Getting a special needs diagnosis

If you think something is not right with your baby or child, the place to start is by talking to your health visitor and your GP.

You may know that your toddler/child doesn't quite seem to be walking, talking, moving, interacting like other toddlers/children, but what's clear to you, living with your child 24/7, may not be quite as apparent to a GP who sees them for a 10-minute appointment.

A lot of special needs take specialist skills to diagnose, so you need to find that specialist. If you're not getting anywhere, ask your GP for a referral to a specialist who understands the particular issues you have concerns about. There's a list of useful organisations in our special needs webguide.

What is the CHAT test?

CHAT stands for Checklist for Autism in Toddlers and is a checklist for markers of autism spectrum disorders.

It's not a diagnostic tool, it just aims to identify absent behaviours which may indicate a child may possibly be at risk for ASD. These behaviours are things such as joint attention (eg pointing to show something to someone) and pretend play (such as pretending to pour tea).

Failing to exhibit these behaviours does not necessarily mean your child is autistic; they might just not be very keen on pouring tea. If your child fails the CHAT, make sure you are referred to a paediatrician for more detailed assessment.

One mum advises: "Read up enough to convince your GP that you know more than they do - they'll refer you up the food chain to a specialist soon enough."

Pushing for a diagnosis can make you feel guilty, as if you're somehow 'making' your child disabled. But Mumsnetters agree that however rubbish it makes you feel, you need to push for all the help you can get, including a diagnosis, and not see this as confirming your worst fears but as helping your child.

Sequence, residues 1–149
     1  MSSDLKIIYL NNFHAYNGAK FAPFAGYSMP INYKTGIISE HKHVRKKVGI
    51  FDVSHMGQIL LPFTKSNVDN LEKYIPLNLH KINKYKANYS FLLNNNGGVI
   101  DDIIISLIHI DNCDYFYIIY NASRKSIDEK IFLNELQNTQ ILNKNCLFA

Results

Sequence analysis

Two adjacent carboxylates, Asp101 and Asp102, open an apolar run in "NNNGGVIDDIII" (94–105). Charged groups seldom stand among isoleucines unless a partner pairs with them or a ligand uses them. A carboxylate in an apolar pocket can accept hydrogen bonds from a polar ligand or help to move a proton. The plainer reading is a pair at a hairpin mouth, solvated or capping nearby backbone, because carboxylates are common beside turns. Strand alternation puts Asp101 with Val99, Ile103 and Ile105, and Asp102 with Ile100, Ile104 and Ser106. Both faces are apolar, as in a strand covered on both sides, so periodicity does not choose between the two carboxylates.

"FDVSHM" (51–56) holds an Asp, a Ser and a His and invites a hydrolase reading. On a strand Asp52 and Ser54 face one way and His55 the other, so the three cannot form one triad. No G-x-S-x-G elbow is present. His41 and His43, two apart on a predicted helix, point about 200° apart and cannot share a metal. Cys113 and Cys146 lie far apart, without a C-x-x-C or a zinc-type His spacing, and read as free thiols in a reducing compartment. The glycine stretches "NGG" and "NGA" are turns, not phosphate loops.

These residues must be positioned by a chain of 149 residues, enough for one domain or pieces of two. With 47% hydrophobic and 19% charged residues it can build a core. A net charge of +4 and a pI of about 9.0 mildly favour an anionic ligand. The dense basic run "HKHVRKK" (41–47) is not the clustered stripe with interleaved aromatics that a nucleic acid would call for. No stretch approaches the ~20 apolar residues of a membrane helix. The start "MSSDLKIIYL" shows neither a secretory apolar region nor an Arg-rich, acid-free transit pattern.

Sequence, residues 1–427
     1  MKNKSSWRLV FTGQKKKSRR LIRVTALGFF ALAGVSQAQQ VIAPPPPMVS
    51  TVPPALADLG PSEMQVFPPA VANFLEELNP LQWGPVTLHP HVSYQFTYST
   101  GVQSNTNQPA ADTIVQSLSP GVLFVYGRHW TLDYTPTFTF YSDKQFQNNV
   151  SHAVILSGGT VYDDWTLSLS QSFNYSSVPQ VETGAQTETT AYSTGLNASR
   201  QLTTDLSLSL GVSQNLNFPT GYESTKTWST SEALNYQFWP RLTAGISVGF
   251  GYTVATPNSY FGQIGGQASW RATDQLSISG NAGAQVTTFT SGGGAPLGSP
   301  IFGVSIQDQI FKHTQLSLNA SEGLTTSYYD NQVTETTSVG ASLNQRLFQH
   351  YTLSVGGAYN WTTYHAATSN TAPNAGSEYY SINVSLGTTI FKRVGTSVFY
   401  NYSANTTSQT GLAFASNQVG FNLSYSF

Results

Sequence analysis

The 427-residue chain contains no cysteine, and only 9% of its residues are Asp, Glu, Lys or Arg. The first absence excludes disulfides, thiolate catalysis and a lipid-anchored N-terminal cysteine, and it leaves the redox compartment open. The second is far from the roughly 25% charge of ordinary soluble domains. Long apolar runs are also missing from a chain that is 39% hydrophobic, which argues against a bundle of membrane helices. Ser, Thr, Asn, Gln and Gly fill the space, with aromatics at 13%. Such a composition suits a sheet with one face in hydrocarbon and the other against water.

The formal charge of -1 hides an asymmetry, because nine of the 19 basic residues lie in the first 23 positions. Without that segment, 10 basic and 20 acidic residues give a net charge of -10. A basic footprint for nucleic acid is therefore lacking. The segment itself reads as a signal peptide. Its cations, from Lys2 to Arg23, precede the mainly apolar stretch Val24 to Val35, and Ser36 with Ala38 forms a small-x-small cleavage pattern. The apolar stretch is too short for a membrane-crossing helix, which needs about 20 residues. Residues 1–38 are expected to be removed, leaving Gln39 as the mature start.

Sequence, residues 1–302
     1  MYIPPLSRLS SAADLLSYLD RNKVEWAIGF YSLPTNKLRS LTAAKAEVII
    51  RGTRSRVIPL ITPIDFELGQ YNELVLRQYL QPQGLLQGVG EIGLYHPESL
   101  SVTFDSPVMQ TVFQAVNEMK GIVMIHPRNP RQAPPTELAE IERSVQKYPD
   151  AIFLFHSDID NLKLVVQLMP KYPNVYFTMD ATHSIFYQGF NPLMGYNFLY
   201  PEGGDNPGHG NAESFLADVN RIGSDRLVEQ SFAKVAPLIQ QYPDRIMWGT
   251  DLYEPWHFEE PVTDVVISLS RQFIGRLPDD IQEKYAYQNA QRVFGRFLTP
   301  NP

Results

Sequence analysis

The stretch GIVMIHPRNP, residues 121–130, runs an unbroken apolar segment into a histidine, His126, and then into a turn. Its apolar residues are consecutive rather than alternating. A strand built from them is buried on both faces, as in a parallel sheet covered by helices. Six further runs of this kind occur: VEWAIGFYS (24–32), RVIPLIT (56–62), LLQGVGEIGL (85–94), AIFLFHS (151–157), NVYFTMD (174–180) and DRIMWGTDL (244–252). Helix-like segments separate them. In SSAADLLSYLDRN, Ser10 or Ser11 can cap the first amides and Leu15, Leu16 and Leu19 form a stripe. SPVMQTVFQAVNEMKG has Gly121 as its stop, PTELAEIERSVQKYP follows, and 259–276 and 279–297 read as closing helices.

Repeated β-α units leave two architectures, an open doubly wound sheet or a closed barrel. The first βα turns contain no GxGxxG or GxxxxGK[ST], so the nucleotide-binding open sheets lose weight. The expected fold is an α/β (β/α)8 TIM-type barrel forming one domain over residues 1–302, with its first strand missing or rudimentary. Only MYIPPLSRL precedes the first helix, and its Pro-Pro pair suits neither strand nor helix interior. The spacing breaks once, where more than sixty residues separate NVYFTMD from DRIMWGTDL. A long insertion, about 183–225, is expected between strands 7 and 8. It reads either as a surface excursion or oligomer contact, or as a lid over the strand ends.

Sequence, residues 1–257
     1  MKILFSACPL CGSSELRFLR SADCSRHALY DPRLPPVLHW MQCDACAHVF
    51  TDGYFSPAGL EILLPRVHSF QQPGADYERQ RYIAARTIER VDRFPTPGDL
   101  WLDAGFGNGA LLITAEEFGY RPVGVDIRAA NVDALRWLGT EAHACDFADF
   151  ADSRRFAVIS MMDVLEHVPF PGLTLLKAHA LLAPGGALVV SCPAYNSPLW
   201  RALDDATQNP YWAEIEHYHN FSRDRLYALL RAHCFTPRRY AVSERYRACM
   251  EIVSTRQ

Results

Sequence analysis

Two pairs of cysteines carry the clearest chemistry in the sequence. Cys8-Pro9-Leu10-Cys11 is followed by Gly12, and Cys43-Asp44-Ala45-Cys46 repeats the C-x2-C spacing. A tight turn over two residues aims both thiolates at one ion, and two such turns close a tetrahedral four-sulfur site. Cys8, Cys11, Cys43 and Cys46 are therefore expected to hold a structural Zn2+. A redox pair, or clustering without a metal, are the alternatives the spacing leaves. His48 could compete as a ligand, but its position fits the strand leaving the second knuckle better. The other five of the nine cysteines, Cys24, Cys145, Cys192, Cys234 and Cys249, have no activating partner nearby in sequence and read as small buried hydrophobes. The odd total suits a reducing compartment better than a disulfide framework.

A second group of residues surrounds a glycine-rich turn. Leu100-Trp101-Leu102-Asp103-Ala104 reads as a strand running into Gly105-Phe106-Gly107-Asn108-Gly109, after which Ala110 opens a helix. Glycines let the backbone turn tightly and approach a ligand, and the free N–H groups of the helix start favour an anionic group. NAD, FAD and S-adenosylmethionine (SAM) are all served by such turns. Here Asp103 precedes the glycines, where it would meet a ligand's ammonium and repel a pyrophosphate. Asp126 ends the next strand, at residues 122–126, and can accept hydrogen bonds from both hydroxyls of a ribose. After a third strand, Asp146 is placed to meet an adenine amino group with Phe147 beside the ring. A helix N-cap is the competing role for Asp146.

In some cases it can take a wearisomely long time to get a diagnosis. Be prepared to be persistent.

As this mum says: "Do not be fobbed off by professionals who talk about the perils of 'labelling' your child, as if this was somehow going to wreck their life. It's not a 'label', it's a 'diagnosis', and a diagnosis is the gateway to therapy and services which can change your child's life."

What Mumsnetters say about getting a special needs diagnosis

  • I've heard people say things like 'I don't think my child is autistic because he is affectionate/has good eye contact/is bright'. None of those things necessarily rules out autism. At the same time, just because a child likes to line things up or likes to spin round in circles it doesn't necessarily indicate autism. Coppertop
  • My GP first said possible dyspraxia; doctors since have said possible autistic spectrum. I think you have to focus on the fact that they are what they are; as long as their needs are met, then the label is not important. debs40
  • Most of the time, the only way to get any help for your child is by being the parent who asks loudest. Not necessarily in a stroppy manner (although this can help sometimes), but being the person who phones to check an appointment has been made, then phones again when it hasn't. And then phones again, and again. Silverfrog

It's worth remembering that other Mumsnetters have almost certainly been down the path you're on and know handy shortcuts and how to avoid particular pitfalls, so head for the Special needs Talk forums for advice and support.


Last updated: about 2 hours ago